Barrancas, La Guajira

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Flag of Barrancas
Coat of arms of Barrancas
Coat of arms
Location of the town and municipality of Barrancas in La Guajira Department.
Location of the town and municipality of Barrancas in La Guajira Department.
Country Colombia
Region Caribbean
Department La Guajira
 • Mayor Juan Carlos Leon Solano (L)[1]
 • town 1,060 km2 (410 sq mi)
 • Urban 742 km2 (286 sq mi)
Elevation 40 m (130 ft)
Population (2005)
 • town 22,207

Barrancas is a town and municipality of the Colombian Department of La Guajira. The municipality of Barrancas is located to the left margin of the Ranchería River in a valley formed between the Sierra Nevada de Santa Marta mountains and the Serranía del Perijá. Barrancas has a total area of 742 km² and at 40 meters over sea level. The average temperature is 28°C throughout the year and distances from the capital of the Department of La Guajira, Riohacha. It became a municipality in 1892.[3]

Its economy is based on agriculture and coal mining which is exploited by the Cerrejón coal mine.[3]


Barrancas is located in the Guajira Peninsula in the Caribbean Region of Colombia, limiting to the east with the Bolivarian Republic of Venezuela; to the north with the municipalities of Hatonuevo and Albania; to the south with the municipality of Fonseca and to the west with the municipality of Riohacha. The municipality covers a total are of 742 km² (286.5 sq mi) and is some 40 m (131 ft) over the sea level.

The municipality of Barrancas lies in the Valley of Upar formed between the Sierra Nevada de Santa Marta (west) and the Serranía del Perijá (east) and within the basin of the Ranchería River.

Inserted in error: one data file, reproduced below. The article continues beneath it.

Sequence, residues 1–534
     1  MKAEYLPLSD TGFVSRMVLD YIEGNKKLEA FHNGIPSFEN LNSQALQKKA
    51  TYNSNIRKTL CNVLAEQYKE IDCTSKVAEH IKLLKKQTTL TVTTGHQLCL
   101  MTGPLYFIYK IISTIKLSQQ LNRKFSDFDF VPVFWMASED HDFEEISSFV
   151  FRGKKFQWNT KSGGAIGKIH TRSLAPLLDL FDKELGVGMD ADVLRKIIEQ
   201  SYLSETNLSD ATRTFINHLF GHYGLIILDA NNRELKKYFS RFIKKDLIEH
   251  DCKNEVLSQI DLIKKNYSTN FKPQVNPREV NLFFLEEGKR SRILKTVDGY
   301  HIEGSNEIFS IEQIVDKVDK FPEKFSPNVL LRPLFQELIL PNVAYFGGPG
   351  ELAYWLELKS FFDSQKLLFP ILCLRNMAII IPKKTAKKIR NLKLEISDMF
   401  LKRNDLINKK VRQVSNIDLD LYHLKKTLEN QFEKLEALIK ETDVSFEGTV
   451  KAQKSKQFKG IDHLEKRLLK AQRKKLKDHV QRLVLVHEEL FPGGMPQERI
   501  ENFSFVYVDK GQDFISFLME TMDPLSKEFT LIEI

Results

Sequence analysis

The climate present in the region is predominantly hot and dry with no mountainous climate variations, maintaining an average temperature throughout the year of 28°C; while in the lower plains temperature can reach 35°C, while in the mountainous area of the municipality the temperature is milder. During the rainy season temperature in the mountainous part of the municipality can reach between 15-18°C while in the dry season 18-24°C. Higher temperature are reached by the end of March, April and May In June and July temperatures drop and in August and September raises. In October and November drops once again and raises in December and January due to the trade winds.[4]


During the war of independence from Spain, on March 26, 1813 the Cabildo of Barrancas insurrected against the local Spanish monarchy authorities destroying images and coat of arms of King Fernando VII. The cabildo also swore loyalty to Simón Bolívar. The revolt was led by Eugenio Vidal, Javier López Sierra, Jose Rodriguez Romero, Misael Orozco, Pedro Ojeda, Crisanto Solano, Bienvenido Gomez and Pedro Miguel Garavito.[5]

Barrancas was one of the villages part of the Province of Padilla and became a municipality in 1892.[6] It was also one of the five municipalities that grouped to form the Department of La Guajira in 1954, then called Intendencia Nacional de La Guajira by orders of then military dictator Gustavo Rojas Pinilla.[7]



According to projections made by the DANE for the year 2005 the municipality of Barrancas had a population of approximately 29,856 inhabitants.[8]

Year Population total
2002 27,519
2003 28,285
2004 29,064
2005 29,856


Section of the Cerrejón coal mine open pit near the Serranía del Perijá mountain range.

The municipality of Barrancas is connected through a highway to the department capital, Riohacha and the main commercial town in the department, Maicao. Barrancas also has cultural influence and commercial trade related to agriculture from the city of Valledupar in the Department of Cesar. Barrancas commercializes in small scale agricultural products such as coffee, plantain, cotton, maize and yuca, but the main economic activity in the municipality is the exploitation of coal at Cerrejón coal mine. The Cerrejón coal mine is one of the largest open pit coal mine in the world.[9]


The municipality celebrates the Festival y Reinado Nacional del Carbón (Coal National festival and Pageant) in October.[10]



  • Castro Trespalacios, Pedro (1979), Culturas Aborigenes Cesarences e Independencia de Valle de Upar, Bogotá: Casa de la Cultura de Valledupar 

External links[edit]

Coordinates: 11°00′N 72°45′W / 11.000°N 72.750°W / 11.000; -72.750